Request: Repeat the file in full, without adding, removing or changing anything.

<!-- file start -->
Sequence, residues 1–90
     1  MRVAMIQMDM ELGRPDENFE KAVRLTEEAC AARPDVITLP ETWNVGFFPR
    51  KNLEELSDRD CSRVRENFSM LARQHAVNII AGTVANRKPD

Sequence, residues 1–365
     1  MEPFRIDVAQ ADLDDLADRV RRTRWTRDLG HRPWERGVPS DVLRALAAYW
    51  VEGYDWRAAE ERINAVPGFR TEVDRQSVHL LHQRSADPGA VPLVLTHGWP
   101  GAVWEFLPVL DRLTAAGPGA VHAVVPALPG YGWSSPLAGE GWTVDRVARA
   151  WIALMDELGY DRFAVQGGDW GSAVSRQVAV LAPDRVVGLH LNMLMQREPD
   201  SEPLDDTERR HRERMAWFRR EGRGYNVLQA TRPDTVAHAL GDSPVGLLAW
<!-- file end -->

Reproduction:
Sequence, residues 1–90
     1  MRVAMIQMDM ELGRPDENFE KAVRLTEEAC AARPDVITLP ETWNVGFFPR
    51  KNLEELSDRD CSRVRENFSM LARQHAVNII AGTVANRKPD

Sequence, residues 1–365
     1  MEPFRIDVAQ ADLDDLADRV RRTRWTRDLG HRPWERGVPS DVLRALAAYW
    51  VEGYDWRAAE ERINAVPGFR TEVDRQSVHL LHQRSADPGA VPLVLTHGWP
   101  GAVWEFLPVL DRLTAAGPGA VHAVVPALPG YGWSSPLAGE GWTVDRVARA
   151  WIALMDELGY DRFAVQGGDW GSAVSRQVAV LAPDRVVGLH LNMLMQREPD
   201  SEPLDDTERR HRERMAWFRR EGRGYNVLQA TRPDTVAHAL GDSPVGLLAW